Robust simulation of sharp-interface models for fast estimation of CO2 trapping capacity in large-scale aquifer systems
Peer reviewed, Journal article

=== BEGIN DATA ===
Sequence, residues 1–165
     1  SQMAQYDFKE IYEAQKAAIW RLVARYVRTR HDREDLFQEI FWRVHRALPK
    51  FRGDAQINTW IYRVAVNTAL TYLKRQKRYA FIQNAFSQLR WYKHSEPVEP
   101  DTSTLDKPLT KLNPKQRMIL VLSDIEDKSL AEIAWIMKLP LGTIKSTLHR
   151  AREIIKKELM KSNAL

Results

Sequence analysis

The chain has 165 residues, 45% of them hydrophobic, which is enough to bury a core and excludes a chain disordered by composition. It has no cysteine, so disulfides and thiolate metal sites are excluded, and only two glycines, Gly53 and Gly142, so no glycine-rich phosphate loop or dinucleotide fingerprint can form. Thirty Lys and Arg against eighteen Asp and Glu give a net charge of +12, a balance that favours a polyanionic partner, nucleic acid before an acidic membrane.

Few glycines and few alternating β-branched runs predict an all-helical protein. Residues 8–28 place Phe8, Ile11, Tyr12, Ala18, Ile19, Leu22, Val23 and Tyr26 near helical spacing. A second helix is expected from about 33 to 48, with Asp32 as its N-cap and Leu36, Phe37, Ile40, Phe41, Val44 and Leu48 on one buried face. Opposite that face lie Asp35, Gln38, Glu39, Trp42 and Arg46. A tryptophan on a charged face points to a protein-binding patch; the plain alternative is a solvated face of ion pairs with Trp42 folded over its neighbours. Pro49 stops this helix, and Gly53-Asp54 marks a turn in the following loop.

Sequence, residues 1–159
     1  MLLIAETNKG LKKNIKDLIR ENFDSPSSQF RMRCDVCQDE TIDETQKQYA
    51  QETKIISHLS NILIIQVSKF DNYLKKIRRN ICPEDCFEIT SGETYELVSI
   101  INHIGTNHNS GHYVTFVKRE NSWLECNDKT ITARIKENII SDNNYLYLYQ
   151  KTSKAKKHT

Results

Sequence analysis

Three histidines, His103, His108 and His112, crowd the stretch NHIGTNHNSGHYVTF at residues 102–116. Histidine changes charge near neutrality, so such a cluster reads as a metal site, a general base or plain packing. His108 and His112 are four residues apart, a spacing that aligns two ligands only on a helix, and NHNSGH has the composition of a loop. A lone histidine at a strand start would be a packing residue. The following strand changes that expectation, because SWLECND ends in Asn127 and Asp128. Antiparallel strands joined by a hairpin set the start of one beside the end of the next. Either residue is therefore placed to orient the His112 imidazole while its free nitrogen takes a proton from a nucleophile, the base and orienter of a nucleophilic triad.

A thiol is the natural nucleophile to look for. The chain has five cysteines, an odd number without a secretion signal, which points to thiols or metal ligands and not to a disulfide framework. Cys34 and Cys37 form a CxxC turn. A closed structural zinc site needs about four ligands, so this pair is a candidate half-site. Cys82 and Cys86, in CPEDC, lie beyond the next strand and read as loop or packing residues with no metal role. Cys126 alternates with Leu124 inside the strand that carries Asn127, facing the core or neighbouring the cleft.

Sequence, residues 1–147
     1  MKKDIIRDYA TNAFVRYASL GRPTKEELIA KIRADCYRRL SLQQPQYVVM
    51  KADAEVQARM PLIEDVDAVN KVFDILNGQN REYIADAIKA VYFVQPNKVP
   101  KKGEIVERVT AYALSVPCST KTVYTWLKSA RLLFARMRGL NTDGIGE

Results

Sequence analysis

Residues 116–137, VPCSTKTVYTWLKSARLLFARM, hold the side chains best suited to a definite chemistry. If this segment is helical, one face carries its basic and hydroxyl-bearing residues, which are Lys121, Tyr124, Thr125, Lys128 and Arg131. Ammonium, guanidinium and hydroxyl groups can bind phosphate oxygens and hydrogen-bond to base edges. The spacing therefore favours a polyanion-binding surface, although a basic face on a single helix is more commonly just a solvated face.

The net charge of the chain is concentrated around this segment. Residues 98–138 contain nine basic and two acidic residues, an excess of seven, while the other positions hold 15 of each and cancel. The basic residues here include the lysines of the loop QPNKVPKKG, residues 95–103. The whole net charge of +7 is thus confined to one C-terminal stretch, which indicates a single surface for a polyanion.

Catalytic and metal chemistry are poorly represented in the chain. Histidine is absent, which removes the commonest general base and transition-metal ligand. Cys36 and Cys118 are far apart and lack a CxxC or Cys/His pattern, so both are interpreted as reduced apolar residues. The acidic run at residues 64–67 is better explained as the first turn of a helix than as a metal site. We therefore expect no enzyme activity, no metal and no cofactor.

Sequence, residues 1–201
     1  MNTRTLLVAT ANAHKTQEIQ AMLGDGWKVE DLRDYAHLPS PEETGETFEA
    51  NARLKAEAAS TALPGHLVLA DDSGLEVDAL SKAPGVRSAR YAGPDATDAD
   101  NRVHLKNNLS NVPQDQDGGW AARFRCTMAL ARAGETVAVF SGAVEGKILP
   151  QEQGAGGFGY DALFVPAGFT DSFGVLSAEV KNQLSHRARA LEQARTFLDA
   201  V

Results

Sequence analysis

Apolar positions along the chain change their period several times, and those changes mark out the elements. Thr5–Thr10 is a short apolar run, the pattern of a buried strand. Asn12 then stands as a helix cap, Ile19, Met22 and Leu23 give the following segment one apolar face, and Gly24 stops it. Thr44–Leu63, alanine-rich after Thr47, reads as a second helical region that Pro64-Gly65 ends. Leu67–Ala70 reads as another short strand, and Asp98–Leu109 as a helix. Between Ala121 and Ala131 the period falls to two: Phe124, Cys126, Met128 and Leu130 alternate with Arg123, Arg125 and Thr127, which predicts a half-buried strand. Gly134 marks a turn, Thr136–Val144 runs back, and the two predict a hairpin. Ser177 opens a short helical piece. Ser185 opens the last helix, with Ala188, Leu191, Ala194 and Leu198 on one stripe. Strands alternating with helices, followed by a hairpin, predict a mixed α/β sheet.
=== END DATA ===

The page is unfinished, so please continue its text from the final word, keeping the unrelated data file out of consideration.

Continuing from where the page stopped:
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Modeling geological carbon storage represents a new and substantial challenge for the subsurface geosciences. To increase understanding and make good engineering decisions, containment processes and large-scale storage operations must be simulated in a thousand-year perspective. Large differences in spatial and temporal scales makes it prohibitively expensive to compute the fate of injected CO2 using traditional 3D simulators. Instead, accurate forecast can be computed using simplified models that are adapted to the specific setting of the buoyancy-driven migration of the light fluid phase. This paper presents a family of vertically integrated models for studying the combined large-scale and long-term effects of structural, residual, and solubility trapping of CO2. The models are based on an assumption of a sharp interface separating CO2 and brine and can provide a detailed inventory of the injected CO2 volumes over periods of thousands of years within reasonable computational time. To be compatible with simulation tools used in industry, the models are formulated in a black-oil framework. The models are implemented in MRST-co2lab, which is an open community software developed especially to study and optimize large-scale, long-term geological storage of CO2. The resulting simulators are fully implicit and handle input from standard geomodeling tools.